Ever since Gordon Willis shot The Godfather, people have always been wrestling with how visuals use or do not use light on the screen. In new movies like Spider-Man: No Way Home, The Batman, and even TV like Game of Thrones or Ozark, the lighting, or lack thereof, is a huge topic of conversation. 

Entertainment at home has always come with a few caveats. TVs come with motion smoothing and other baffling settings that take brightness away from the programs you watch. Before you even get into the meat of this article, make sure your TV is at optimal settings for what you're about to enjoy.  

If all is well on that front, then we have to dig a little deeper. 

First, let's start with the idea that when your favorite film and TV makers sit down to watch their creations, they're doing it on computer screens in a completely dark editing bay, with excellent quality. Their first times watching are not in projection rooms or home TV setups, they're watching at optimal levels.

That skews a lot, as many people do not have perfect home theater-quality images to watch movies and TV. Remember when one of the final Game of Thrones battles came out and was super dark? Most people thought the reason was that if you had an expensive and well-calibrated TV, you could see everything. When many people didn't have that, their images looked much darker. At times, they were indecipherable. But if you had a 4K TV, you were totally fine.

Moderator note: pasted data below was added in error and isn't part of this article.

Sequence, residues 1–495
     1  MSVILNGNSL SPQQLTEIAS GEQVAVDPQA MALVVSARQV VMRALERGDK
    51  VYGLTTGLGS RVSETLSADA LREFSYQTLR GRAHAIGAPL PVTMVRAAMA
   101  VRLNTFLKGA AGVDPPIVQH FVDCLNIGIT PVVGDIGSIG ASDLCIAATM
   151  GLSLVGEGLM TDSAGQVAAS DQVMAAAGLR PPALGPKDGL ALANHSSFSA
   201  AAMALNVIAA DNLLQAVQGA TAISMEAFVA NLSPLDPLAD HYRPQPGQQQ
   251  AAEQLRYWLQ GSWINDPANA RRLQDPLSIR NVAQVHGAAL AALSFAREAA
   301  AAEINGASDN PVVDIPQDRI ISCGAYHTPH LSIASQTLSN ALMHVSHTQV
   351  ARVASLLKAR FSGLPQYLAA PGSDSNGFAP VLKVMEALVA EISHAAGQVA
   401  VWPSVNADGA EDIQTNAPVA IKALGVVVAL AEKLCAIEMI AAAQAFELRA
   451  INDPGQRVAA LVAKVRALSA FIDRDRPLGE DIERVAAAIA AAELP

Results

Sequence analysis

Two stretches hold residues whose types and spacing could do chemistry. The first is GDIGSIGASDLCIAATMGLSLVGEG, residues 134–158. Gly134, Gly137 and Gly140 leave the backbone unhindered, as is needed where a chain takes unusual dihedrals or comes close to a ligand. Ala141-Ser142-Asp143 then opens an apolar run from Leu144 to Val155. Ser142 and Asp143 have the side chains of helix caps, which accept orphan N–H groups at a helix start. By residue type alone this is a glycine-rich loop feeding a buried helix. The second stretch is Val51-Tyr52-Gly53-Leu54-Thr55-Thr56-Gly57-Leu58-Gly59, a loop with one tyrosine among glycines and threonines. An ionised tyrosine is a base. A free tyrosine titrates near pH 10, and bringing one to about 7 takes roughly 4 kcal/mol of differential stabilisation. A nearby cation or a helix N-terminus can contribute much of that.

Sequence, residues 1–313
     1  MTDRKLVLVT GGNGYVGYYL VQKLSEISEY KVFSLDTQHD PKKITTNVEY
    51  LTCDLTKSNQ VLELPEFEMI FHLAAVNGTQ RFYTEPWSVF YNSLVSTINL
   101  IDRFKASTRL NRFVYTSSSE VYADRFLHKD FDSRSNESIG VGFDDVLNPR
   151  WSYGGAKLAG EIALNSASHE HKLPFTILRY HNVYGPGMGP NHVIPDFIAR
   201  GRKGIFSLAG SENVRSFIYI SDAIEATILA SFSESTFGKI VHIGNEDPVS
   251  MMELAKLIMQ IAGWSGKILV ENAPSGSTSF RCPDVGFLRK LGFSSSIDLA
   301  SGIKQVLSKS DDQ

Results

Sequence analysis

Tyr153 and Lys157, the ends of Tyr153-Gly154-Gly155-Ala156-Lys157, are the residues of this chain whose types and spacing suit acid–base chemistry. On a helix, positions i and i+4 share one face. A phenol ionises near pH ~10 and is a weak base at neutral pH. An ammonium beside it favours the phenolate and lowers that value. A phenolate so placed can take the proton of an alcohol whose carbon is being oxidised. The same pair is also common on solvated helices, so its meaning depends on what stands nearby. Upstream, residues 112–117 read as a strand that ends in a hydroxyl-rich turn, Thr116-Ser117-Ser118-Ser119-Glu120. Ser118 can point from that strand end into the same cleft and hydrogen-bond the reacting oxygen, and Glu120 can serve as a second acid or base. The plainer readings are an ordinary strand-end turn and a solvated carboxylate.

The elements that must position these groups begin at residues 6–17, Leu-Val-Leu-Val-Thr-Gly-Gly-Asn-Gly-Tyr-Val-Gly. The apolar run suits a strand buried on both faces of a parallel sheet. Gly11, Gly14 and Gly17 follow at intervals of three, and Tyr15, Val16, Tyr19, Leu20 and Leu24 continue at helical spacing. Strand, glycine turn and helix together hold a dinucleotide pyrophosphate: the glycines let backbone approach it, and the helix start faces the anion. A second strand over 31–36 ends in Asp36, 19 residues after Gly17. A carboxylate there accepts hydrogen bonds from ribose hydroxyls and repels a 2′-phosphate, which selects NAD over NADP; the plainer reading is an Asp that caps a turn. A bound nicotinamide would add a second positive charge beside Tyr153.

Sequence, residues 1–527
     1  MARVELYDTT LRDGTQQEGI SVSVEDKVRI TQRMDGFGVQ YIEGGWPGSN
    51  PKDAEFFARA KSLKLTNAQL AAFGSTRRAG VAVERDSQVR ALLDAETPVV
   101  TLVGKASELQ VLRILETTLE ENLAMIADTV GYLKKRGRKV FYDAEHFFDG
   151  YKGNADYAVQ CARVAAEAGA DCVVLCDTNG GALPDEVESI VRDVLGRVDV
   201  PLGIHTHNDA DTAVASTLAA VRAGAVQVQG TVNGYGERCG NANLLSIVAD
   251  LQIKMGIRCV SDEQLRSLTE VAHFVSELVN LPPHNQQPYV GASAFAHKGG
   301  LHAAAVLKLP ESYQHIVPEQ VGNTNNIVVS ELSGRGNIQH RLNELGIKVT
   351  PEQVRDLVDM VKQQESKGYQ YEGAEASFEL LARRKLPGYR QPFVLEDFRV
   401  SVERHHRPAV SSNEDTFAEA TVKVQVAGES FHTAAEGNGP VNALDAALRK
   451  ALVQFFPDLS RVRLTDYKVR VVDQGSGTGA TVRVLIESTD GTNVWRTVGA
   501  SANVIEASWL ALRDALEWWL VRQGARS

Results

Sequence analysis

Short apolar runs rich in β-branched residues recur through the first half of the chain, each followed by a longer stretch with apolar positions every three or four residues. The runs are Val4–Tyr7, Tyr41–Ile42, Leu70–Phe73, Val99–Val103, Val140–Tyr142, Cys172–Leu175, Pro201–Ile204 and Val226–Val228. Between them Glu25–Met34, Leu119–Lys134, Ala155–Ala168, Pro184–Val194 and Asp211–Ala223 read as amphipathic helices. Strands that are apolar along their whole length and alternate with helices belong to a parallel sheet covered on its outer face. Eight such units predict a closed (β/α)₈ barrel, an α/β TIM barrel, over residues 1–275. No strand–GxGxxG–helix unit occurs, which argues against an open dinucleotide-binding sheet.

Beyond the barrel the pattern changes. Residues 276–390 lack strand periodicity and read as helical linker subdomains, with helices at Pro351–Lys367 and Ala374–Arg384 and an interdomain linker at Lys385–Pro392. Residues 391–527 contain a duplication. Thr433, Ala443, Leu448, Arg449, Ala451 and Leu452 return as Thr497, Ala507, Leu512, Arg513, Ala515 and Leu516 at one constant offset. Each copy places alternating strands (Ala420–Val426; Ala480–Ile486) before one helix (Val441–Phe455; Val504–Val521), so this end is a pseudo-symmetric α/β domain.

I'm sure we can all think of examples, but recently some frames from Spider-Man: No Way Home went viral for their odd lighting. The truth is, many blockbusters suffer this fate. 

The rise of digital cameras replacing film has made lighting a very different job for cinematographers on set. You get to instantaneously see what images look like in the camera, and when you work on the project in post, there isn't some complicated way to make images darker. You can use filters and settings in your edit suite.

That's led to what I think is an overcorrection to equate mood and cinematography with darker images. People are pulling colors and light out in post to make sure you really understand how moody and serious their stories can be. Even worse, filmmakers might get the lighting right, but the studio may step in and ask for it to be changed to get more emotions across, even if they're wrong! 

Being underexposed can strain the audience and make them miss important stuff.

Another reason is that so many big-budget movies and shows shoot using green screen and rear projection, and lighting for film and TV has become a bit of a lost art. This could sound curmudgeonly, but I swear it's not.

The thing is, cinematographers on a lot of these shoots aren't lighting anymore. It's being done in post, and those people may not have the eye for it. Sure, there are lots of good projects out there, but the bad ones stand out. 

Another big thing is where you watch the movie. At home your TV may not be right—but did you also know many movie theaters are projecting images incorrectly? Most theaters have no one in the projection room, so no one is adjusting. They're using automated systems that may not be right for the movie you're watching and also could be dirty, dusty, and not well maintained. 

So many variables go into why this stuff looks this way, it's hard to put your thumb onto exactly why something looks like it does without a lot of research. I think that these combinations have taken things to a much darker place. Hopefully, we'll see some bounceback.

Let me know your thoughts in the comments.